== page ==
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IMF Slashes Global Growth Forecast As Trade War Intensifies

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The International Monetary Fund slashed the global growth forecast for this year and next on Tuesday, citing an increase in the likelihood of further negative shocks, such as a full-blown trade war.

In its latest World Economic Outlook, released in Bali, Indonesia, the Washington-based lender forecast 3.7 percent growth for the world economy for this year and next. That is less than the 3.9 percent predicted in the April report and in a July update.

"Downside risks to global growth have risen in the past six months and the potential for upside surprises has receded," the global lender said in the report.

"Escalating trade tensions and the potential shift away from a multilateral, rules-based trading system are key threats to the global outlook," the report noted.

The IMF cautioned that an intensification of trade tensions, and the associated rise in policy uncertainty, could dent business and financial market sentiment, trigger financial market volatility, and slow investment and trade.

Further, the lender said higher trade barriers would disrupt global supply chains and slow the spread of new technologies. Consequently, global productivity and welfare would be lowered.

And poor households would be hurt disproportionately as more import restrictions would also make tradable consumer goods less affordable.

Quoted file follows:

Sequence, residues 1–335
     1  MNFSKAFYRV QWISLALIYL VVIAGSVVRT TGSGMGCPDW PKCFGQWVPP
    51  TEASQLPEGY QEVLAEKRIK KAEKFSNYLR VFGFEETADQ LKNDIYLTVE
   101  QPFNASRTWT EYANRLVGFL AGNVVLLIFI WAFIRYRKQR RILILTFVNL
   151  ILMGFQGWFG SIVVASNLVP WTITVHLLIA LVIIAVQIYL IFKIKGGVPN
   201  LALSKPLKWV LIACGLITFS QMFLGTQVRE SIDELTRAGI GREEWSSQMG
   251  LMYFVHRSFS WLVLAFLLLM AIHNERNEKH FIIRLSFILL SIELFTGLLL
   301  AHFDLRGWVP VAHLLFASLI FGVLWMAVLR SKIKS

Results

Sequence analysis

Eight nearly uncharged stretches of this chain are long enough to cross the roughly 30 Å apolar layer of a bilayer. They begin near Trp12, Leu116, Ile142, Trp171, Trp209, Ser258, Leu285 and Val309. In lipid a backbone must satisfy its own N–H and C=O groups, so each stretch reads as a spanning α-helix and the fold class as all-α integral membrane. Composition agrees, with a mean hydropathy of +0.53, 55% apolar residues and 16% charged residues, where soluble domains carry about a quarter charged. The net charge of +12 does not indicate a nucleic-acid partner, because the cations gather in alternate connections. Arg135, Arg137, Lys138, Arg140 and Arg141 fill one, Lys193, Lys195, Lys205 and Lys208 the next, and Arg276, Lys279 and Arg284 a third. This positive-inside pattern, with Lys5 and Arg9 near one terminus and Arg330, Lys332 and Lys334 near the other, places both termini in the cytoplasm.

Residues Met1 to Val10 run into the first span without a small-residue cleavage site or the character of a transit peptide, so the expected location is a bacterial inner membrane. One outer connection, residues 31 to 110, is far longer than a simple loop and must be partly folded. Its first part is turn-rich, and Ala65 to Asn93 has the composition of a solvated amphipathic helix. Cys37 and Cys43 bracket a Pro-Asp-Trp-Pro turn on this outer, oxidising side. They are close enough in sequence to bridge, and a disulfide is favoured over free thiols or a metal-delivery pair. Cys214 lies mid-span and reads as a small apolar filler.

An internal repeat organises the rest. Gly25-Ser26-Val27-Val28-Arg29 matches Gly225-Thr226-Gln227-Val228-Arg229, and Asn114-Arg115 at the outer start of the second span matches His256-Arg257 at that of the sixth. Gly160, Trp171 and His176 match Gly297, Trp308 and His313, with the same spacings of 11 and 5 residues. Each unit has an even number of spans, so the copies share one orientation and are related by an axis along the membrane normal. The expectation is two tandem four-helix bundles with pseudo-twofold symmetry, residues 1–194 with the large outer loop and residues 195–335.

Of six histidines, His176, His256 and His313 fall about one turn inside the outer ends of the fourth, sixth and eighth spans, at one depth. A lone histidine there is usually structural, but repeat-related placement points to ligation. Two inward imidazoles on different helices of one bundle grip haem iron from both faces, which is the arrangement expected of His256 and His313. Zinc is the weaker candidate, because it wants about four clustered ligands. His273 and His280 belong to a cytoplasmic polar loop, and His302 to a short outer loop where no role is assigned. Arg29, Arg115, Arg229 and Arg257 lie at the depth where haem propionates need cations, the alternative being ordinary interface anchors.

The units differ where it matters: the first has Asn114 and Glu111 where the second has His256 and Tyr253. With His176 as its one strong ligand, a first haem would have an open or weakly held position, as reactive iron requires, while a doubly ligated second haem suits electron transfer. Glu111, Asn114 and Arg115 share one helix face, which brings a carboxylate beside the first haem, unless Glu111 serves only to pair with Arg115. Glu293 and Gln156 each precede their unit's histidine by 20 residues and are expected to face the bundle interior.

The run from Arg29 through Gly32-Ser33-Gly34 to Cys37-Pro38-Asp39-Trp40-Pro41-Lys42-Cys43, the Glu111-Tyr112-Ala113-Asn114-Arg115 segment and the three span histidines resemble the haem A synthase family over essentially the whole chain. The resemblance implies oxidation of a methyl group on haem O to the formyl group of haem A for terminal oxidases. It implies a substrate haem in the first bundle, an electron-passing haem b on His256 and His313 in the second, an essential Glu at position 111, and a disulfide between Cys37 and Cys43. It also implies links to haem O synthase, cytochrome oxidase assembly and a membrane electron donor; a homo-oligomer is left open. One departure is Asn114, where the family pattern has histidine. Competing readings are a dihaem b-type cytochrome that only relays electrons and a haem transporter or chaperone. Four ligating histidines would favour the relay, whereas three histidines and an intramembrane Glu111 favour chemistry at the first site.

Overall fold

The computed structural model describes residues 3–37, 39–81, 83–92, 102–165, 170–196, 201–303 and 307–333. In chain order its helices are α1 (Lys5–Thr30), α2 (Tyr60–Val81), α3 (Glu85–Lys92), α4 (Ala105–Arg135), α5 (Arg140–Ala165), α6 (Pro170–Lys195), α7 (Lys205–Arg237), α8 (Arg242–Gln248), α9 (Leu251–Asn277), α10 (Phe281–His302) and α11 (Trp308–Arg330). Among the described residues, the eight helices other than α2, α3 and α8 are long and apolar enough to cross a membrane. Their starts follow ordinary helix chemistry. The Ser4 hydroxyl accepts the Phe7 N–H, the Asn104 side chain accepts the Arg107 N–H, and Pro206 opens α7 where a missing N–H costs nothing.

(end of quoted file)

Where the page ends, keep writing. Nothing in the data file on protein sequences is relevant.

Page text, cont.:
"There are clouds on the horizon," IMF Chief Economist Maurice Obstfeld said during a press conference.

"Growth has proven to be less balanced than we had hoped."

Obstfeld noted that growth is being supported in several key economies by policies that seem unsustainable over the longer term.

"These concerns raise the urgency for policymakers to act," the economist added.

The US growth forecast for this year was retained at 2.4 percent, while the projection for next year was trimmed to 2.1 percent from 2.2 percent seen in July, citing the recently enacted trade tariffs.

Growth projections for China for this year was left unchanged at 6.6 percent for this year, but the forecast for next year was cut to 6.2 percent from 6.4 percent.

Eurozone's growth outlook for this year was cut to 2 percent from 2.2 percent, while the projection for next year was kept at 1.9 percent.

The UK growth forecasts for this year and next were unchanged at 1.4 percent and 1.5 percent, respectively.

Obstfeld expressed hope that a deal that includes tariff-free trade between the EU and the UK would be reached.

India's growth projection for this year was kept at 7.3 percent, while the outlook for next year was trimmed to 7.4 percent from 7.5 percent.

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